#ThreatenedSpecies of the Week: Darwinia foetida (Muchea Bell)

Muchea Bell is listed as Critically Endangered under the Commonwealth Environment Protection and Biodiversity Conservation Act 1999 (EPBC Act), and Endangered under the WA Wildlife Conservation Act 1950.

Muchea Bell is an erect or spreading shrub that grows to 0.7m high and often uses other shrubs for support. Young branches are slender, green-brown with prominent leaf bases, becoming grey and woody. This species has green flowers and the flowering period is from October to November. Muchea Bell is named after the distinctive foetid smell of the flowers.

Muchea Bell occurs in grey-white sand on swampy, seasonally wet sites. Plants can be found alongside sump land – land acting as a pit or well where water collects. The species is found on damp to wet clay under Regelia inops and Kunzea recurva tall shrubland, over Pink-flowered Myrtle (Hypocalymma angustifolium) low shrubland or low Melaleuca spp. Shrubland.

Muchea Bell is endemic to Western Australia. It has been recorded at three locations near the town of Muchea, approximately 70 km north of Perth. The extent of occurrence of Muchea Bell is estimated to be 1.2 km². The distance between the most northern and southern populations is approximately 4 km². A population north of Muchea, recorded in 1960, has since been cleared indicating a past decline in area of occupancy of this species. There are no data indicating what proportion of the species was cleared.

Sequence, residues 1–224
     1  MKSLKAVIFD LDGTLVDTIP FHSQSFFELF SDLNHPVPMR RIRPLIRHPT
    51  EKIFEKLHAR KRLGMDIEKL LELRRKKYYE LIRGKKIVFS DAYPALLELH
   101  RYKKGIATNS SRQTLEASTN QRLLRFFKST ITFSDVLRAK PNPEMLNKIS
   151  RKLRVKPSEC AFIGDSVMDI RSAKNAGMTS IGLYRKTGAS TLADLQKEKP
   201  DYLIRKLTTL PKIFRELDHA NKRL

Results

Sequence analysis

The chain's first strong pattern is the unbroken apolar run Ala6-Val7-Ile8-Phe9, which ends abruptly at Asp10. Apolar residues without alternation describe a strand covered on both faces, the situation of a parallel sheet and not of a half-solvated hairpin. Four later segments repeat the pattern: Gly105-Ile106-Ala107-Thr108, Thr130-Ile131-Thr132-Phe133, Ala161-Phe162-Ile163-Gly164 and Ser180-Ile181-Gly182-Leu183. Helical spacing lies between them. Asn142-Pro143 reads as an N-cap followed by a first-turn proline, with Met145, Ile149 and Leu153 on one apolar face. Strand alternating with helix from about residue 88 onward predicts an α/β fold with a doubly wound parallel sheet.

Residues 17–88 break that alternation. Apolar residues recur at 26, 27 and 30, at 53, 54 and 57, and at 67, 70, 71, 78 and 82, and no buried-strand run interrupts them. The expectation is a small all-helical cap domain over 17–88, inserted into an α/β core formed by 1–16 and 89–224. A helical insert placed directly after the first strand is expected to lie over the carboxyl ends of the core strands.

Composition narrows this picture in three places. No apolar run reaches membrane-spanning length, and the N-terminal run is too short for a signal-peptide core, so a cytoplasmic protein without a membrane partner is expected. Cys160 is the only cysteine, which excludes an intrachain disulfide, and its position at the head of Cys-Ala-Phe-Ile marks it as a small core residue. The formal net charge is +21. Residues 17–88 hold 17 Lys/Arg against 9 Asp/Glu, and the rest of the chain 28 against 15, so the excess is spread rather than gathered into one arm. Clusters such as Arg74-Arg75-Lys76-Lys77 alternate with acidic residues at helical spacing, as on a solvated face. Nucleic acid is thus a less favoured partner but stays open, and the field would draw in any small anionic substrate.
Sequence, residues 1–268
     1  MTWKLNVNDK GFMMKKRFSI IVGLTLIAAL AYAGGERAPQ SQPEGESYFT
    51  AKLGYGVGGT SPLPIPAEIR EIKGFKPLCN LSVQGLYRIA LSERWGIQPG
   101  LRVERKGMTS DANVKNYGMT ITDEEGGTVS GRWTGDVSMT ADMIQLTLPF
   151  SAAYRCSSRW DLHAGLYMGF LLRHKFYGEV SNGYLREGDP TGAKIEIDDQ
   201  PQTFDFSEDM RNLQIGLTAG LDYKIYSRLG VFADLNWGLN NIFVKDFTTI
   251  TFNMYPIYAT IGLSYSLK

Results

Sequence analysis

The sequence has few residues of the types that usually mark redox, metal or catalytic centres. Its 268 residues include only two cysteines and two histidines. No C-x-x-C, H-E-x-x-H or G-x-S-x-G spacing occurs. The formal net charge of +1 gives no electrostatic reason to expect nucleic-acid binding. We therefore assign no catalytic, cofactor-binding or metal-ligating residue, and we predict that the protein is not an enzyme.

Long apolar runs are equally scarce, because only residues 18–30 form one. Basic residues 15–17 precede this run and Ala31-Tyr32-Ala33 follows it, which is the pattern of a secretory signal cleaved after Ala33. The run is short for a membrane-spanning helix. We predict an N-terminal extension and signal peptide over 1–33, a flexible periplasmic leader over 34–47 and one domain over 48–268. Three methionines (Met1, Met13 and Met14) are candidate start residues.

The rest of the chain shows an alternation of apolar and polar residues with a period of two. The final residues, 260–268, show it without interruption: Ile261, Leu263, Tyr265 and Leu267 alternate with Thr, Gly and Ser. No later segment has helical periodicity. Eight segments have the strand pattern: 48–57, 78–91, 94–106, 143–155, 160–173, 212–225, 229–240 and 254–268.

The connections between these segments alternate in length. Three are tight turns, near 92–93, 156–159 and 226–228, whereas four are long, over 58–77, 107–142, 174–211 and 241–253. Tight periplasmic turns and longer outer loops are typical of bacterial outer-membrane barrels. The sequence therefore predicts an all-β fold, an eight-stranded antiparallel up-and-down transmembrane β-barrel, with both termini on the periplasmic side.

The species’ distribution is very restricted and severely fragmented, as the known populations are small and exist within patches of remnant vegetation surrounded by cleared land.

The estimated total number of mature individuals is approximately 1300. The species is known from three populations: one occurs within a nature reserve; one within a water reserve; and one is spread over two privately owned properties.

It is likely that there has been a decline in the species’ numbers in more recent times, due to grazing by rabbits, weed invasion, changes in hydrology, inappropriate fire regimes, further vegetation clearance and dieback caused by Phytophthora cinnamomi, which may continue in the future.

The species is only known from a restricted area of distribution in the Muchea area where all known subpopulations experience severe threats of weed invasion, grazing and prescribed burning. Therefore, all known subpopulations would be considered important for the species recovery and long-term survival.

 

Information Source: Government of Australia, Department of Environment and Energy and Department of Biodiversity, Conservation and Attractions, and Florabase.

 

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